TAQueries: Photography From Space

I’ve started a new Q&A hashtag on Twitter; the first question is in! The question is the following:


The above header image, titled “Whirlwind trails on Martian sand dunes”, is one of the most beautifully detailed images ever taken of the Martian surface. Those midnight-blue trails on Mars’ rusty soil were formed by somewhat random dust devils, yet they seem as if they were carefully designed for the human eye to admire. But how do we take amazing images such as this one? Well… that, ladies and gentlemen, is thanks to this beast right here:

The preparation of HiRISE in a controlled laboratory before it was shipped for attachment to the Mars Reconnaissance Orbiter

Meet HiRISE, or High Resolution Imaging Science Experiment. At a price of 40 million dollars, weighing in at 65 kilograms, HiRISE is one of the most technologically advanced cameras ever built. It was attached to NASA’s Mars Reconnaissance Orbiter (MRO) and launched back in August 2005 atop ULA’s Atlas V rocket. HiRISE’s 50-centimeter aperture, so far the largest aperture sent on a deep space mission, allows it to take extremely high-resolution images at about 30 centimeters per pixel. These images are then digitally processed here on Earth, then released for all people to see. MRO being in orbit around Mars at this very moment, the above image of Mars’ dust devil trails was captured by HiRISE itself. It is with highly advanced instruments such as HiRISE, that we are able to take such brilliant images of all bodies in the solar system from orbit.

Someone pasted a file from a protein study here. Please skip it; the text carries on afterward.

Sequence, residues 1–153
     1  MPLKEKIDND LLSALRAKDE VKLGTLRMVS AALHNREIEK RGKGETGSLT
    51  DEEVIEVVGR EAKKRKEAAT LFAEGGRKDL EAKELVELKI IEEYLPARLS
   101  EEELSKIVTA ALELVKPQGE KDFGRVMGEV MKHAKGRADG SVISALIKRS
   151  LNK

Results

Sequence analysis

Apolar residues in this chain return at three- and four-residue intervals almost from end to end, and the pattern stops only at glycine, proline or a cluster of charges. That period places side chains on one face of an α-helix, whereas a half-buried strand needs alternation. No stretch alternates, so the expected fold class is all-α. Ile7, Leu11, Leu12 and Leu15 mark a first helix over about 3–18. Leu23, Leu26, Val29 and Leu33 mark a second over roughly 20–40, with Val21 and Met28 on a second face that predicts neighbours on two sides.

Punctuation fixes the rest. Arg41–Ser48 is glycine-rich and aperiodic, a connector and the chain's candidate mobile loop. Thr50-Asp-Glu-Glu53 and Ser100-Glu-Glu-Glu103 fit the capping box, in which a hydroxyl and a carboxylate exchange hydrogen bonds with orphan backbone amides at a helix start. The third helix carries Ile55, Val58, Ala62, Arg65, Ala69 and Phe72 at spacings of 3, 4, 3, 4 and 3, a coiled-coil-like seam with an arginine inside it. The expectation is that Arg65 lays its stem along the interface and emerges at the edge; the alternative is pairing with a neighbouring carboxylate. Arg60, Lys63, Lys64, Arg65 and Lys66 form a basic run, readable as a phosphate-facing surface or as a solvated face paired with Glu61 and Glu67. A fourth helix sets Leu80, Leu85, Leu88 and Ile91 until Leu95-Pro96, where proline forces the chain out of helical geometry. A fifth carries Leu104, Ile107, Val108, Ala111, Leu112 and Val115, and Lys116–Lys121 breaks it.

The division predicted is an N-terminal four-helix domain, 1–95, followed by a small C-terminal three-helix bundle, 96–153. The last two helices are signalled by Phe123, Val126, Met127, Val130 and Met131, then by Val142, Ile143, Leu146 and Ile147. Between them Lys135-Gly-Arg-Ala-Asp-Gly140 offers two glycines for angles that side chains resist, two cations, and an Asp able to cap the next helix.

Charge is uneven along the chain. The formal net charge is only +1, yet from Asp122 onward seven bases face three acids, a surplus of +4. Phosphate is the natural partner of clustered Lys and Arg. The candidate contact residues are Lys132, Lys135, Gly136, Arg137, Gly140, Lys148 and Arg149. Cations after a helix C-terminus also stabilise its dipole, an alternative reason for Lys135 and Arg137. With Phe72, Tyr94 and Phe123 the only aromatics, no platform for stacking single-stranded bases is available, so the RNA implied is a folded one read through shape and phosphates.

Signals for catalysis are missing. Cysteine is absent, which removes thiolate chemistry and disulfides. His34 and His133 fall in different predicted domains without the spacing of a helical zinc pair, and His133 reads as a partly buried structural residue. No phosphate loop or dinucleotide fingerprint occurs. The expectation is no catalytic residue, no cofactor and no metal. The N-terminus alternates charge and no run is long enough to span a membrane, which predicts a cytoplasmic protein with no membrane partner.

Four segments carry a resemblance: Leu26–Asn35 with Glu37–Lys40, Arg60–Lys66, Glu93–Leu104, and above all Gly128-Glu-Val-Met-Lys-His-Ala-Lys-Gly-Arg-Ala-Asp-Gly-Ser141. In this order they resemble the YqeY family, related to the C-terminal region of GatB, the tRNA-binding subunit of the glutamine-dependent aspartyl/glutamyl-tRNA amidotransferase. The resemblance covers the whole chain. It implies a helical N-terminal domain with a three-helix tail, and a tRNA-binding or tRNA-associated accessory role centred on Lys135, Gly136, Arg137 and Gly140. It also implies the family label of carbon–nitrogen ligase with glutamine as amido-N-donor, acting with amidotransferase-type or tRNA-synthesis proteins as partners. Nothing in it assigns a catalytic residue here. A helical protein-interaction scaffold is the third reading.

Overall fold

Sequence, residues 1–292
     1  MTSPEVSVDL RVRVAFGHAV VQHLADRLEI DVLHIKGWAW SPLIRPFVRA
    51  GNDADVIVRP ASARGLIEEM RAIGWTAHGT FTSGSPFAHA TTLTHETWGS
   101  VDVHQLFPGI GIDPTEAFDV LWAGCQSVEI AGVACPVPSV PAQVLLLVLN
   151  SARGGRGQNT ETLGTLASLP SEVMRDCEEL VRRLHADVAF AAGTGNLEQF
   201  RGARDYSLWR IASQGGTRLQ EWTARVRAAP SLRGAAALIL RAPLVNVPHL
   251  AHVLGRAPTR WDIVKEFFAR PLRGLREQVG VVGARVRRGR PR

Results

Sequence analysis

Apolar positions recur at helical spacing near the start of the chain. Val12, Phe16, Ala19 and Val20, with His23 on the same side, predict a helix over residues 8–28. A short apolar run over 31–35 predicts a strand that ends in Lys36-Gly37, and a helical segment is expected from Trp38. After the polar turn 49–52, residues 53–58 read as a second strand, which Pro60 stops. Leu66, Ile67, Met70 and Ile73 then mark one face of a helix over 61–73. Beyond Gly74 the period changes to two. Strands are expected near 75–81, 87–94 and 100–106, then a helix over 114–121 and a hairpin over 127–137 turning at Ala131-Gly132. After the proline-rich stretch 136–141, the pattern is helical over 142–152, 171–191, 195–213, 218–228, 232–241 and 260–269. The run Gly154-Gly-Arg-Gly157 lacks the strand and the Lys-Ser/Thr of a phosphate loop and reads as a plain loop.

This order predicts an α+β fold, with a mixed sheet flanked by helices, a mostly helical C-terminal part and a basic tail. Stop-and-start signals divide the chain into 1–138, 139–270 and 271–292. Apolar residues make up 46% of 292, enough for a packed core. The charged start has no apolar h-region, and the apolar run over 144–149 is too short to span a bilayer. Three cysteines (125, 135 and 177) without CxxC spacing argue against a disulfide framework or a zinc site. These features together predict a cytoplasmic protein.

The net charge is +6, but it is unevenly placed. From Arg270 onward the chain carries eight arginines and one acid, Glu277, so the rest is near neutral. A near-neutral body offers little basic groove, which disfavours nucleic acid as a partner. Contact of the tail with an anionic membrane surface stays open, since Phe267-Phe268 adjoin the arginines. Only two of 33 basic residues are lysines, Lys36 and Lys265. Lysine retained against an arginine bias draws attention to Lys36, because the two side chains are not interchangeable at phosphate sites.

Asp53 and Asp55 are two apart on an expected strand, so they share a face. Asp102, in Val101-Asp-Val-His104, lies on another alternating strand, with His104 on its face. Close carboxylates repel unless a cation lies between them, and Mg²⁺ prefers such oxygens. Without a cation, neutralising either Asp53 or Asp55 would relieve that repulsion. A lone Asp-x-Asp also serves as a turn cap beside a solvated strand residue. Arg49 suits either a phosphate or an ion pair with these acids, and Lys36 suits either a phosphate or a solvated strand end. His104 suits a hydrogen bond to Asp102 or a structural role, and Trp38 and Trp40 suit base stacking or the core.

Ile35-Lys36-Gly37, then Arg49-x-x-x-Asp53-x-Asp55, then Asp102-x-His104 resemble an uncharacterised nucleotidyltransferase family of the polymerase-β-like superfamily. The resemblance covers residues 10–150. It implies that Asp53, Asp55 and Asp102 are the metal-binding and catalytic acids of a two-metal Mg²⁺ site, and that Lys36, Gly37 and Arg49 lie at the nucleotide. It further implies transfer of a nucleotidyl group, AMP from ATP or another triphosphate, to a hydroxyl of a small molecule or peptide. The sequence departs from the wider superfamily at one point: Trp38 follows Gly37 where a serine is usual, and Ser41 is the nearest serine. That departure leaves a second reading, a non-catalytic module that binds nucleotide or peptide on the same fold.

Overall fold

Not quite the answer you were looking for? Be sure to let me know via email: theastrophysicist@hotmail.com or by tweeting at me@ThomasMoszczuk


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